Possible benefits include early detection in the event of any persistent illness during follow-up assessment. It may help address anxiety so patients would be less likely to return to the ED for advice regarding the same medical problem, since they will be able to consult the healthcare worker on-duty from the comfort of their home during telereview. Participants will contribute to medical knowledge about digital consultations. Possible risks include patients missing the follow-up telereview, which occurs in the context of existing practices in the emergency department. Existing practices for missed telereviews are that they are actively and manually rescheduled by ED staff on-duty by phone call for three attempts within the 48 to 72-hour telereview window following discharge. No further attempt is made to contact patients who are not contactable in 72 hours or who decline telereview. There is a potential breach of confidentiality during review of medical records. The study has the added precaution of medical record review only being conducted by staff in the institution who do not have any conflict of interest. No patient medical information is stored on the digital consultation platform, and is instead entered directly into hospital electronic medical record by the attending healthcare worker. There may be inconveniences in connecting to the internet to access the platform and survey, and risks that are currently unforeseeable.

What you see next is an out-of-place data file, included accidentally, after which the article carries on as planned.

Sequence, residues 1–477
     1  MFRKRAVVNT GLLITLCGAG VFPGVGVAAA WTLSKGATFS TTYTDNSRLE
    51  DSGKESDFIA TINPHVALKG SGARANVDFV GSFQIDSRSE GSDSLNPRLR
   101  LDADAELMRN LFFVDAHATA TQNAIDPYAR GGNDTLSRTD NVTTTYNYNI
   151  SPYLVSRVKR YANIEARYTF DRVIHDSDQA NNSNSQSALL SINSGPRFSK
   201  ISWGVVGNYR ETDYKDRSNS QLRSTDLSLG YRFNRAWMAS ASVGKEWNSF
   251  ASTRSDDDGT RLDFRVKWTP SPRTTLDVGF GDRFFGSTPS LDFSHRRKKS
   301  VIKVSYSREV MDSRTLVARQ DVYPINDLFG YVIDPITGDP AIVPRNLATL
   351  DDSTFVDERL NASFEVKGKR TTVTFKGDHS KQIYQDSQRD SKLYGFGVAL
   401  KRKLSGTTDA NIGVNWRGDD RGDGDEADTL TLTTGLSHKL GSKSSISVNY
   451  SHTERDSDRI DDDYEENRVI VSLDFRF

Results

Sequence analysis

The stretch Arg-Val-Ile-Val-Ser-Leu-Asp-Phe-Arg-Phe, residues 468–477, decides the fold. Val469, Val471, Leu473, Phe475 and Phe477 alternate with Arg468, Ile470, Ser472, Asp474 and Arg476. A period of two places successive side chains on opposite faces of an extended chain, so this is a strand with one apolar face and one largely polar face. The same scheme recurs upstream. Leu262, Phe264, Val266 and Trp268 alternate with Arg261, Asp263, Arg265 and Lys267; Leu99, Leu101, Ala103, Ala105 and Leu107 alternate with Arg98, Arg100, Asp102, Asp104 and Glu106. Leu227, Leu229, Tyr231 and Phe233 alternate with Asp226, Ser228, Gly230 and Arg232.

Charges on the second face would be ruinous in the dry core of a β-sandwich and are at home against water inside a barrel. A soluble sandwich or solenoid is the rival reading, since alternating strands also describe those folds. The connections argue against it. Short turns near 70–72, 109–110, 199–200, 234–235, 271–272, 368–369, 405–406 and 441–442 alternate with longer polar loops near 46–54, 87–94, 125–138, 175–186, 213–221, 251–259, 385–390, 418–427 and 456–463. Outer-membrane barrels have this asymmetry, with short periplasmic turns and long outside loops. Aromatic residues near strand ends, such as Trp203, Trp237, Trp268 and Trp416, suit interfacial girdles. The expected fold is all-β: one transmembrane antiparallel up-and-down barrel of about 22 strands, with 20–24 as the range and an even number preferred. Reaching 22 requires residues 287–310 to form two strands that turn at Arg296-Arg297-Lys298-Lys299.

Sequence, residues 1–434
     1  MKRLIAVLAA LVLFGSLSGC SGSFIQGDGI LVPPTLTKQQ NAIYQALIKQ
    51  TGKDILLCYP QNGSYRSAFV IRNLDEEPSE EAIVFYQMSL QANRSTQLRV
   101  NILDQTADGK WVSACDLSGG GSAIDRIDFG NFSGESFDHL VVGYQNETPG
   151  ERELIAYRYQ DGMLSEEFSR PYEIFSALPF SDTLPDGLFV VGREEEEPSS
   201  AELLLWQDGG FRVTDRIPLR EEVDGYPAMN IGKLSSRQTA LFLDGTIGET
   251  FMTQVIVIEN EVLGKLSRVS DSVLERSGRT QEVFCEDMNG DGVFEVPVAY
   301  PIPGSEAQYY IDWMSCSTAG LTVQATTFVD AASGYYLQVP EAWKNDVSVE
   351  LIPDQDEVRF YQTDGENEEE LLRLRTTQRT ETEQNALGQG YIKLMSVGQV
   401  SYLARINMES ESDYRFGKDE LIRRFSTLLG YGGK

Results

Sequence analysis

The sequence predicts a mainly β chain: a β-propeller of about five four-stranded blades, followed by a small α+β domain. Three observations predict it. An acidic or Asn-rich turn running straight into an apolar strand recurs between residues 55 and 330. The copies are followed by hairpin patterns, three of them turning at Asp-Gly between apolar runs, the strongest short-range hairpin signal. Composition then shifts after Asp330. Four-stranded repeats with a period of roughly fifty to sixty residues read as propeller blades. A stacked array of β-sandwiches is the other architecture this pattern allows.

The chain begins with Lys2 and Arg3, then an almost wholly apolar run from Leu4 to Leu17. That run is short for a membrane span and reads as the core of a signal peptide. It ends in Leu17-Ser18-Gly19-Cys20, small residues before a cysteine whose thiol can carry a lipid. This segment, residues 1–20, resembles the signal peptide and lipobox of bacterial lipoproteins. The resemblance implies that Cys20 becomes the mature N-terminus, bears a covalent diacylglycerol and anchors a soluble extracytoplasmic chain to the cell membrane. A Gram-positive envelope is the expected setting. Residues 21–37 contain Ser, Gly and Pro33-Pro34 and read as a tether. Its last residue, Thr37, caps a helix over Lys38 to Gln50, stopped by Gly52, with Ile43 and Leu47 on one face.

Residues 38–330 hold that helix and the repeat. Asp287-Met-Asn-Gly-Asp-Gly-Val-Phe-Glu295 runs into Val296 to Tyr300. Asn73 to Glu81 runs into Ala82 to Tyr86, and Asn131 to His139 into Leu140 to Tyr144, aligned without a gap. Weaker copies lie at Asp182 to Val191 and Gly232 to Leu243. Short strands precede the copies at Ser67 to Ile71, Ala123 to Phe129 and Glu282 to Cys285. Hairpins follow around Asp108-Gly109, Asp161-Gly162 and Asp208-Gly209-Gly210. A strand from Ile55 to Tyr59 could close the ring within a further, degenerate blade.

Where is the study run from?
Singapore General Hospital (Singapore)
When is the study starting and how long is it expected to run for?
February 2017 to December 2018
Who is funding the study?
Investigator initiated and funded
Who is the main contact?
Prof. R Ponampalam
Prof R Ponampalam
Department of Emergency Medicine
Singapore General Hospital (SGH)
1 Hospital Drive
CIRB Ref no: 2017/2049
Pilot prospective randomized controlled trial to assess feasibility of teleconsultation for the follow-up of patients with undifferentiated abdominal pain following discharge from Singapore General Hospital using the DoctorBell platform